July 16, 2018 at 11:05 am

    Look into the groundbreaking new science from Elizabeth Torres . Autism should be studied as a physiological difference not a psychological one. Torres is PROVING the primary struggle behind autism is movement and sensory differences – historically these were looked at as secondary coincidences by the psychologists and psychiatrists that have been calling the shots relating to ASD.

    Assessing it as physiological makes far more sense (especially when you read about the neurological activity in detail) and then being able to consider treatments that isolate the underlying disturbance to the motor and sensory pathways that Torres discovered (via wearable sensors) which are prominent in autistics, rather than treating autism as a whole with all its beauty.

    The movement-sensing perspective is the basis behind Spelling to Communicate, which is a method that effectively changes the lives of nonspeaking , minimally- and unreliable-speaking autistics – the ones ABA and other behaviour alike therapies couldn’t explain or help (but have been making the most money from, ironically).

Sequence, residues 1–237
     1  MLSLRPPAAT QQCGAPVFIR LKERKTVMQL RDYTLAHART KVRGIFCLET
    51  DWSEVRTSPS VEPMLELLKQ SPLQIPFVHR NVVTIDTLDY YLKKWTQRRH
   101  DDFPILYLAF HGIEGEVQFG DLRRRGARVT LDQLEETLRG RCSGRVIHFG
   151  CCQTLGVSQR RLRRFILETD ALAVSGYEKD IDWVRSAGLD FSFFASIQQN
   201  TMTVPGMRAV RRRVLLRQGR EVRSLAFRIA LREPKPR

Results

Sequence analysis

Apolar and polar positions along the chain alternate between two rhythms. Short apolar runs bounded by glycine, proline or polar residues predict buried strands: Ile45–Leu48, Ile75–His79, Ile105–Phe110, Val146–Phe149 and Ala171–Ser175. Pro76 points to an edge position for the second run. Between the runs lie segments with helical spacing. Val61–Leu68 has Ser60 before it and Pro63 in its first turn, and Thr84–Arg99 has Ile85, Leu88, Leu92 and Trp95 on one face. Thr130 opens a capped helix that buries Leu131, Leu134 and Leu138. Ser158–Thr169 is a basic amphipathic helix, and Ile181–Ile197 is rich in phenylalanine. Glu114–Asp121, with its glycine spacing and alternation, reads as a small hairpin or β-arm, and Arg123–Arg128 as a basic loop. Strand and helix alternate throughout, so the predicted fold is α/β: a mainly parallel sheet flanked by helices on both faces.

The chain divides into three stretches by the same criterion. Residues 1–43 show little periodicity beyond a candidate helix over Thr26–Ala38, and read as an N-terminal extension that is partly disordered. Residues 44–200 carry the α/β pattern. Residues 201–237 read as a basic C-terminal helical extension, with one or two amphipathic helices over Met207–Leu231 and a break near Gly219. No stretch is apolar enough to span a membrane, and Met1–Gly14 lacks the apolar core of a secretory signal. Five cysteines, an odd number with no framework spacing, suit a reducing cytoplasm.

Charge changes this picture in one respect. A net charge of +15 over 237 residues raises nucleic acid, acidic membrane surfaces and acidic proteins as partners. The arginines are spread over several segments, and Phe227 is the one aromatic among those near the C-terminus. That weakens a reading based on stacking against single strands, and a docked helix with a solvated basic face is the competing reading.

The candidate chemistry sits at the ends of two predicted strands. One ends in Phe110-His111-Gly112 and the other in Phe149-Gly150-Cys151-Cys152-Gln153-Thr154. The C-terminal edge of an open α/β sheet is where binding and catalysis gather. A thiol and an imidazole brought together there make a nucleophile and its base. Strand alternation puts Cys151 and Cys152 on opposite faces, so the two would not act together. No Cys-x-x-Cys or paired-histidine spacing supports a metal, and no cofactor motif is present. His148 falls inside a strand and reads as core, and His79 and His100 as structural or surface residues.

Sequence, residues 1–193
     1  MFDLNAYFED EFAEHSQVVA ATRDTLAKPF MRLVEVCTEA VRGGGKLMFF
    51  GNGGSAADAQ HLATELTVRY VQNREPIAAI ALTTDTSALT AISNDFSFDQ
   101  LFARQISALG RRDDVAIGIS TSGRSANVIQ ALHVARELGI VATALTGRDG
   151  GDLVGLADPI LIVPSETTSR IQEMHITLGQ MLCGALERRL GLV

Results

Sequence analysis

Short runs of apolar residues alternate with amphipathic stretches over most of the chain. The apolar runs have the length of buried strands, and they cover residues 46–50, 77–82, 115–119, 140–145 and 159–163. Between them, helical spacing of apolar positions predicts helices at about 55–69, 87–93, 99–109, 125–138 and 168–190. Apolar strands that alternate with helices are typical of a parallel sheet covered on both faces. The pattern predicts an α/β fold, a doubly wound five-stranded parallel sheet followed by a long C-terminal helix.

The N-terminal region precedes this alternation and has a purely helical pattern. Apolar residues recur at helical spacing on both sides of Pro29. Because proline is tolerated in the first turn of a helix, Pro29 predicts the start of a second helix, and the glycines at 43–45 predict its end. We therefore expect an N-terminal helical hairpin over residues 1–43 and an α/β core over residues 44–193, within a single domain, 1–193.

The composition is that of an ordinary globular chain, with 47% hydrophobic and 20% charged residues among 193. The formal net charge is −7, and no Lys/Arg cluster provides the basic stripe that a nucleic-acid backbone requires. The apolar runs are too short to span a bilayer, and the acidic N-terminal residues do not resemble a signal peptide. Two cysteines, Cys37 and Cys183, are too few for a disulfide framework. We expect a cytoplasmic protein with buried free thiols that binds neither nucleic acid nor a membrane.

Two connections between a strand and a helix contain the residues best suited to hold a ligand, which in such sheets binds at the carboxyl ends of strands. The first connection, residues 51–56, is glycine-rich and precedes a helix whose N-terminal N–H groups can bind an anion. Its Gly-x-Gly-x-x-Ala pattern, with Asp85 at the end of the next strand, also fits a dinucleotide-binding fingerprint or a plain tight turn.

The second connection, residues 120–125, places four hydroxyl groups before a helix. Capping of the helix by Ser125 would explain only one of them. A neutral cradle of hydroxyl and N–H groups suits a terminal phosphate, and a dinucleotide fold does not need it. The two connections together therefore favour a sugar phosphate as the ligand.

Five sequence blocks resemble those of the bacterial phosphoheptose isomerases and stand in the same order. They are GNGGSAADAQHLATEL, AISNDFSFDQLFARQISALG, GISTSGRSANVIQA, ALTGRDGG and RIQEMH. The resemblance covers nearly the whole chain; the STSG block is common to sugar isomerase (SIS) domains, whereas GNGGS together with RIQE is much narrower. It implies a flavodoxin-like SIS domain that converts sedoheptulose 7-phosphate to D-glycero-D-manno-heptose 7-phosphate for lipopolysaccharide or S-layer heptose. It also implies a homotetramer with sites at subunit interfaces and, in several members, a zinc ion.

• unstrangemind

      July 16, 2018 at 9:22 pm

      Thank you! I just picked up a copy of the book she co-wrote last year and I am looking forward to reading it. I appreciate you pointing it out to me.

      The theory makes sense to me. It even explains my social awkwardness because how was I supposed to learn social when I was a kid so overwhelmed by sensory overload all the time?

  4. This is fascinating and you are spectacular.
    Thank you for this, and some of your other articles –

    You have confirmed everything for me 💗🌈✨

    Ps: the website I added isn’t ready for use yet – hence the weird domain name 😄

    Thank you again 🙏🏻

  5. https://www.marybarbera.com/chicken-camp-what-it-is-why-i-went-and-what-i-learned/
    It is pretty blatant that animal training is on the same level as working with autistics. This blog post by Dr. Mary Barbera, BCBA-D says as much.

    “2) Why did I go to chicken camp? Like chickens, many of the children I work with including my 15- year-old son with autism, do not understand complex human language.”

    Extremely dehumanizing.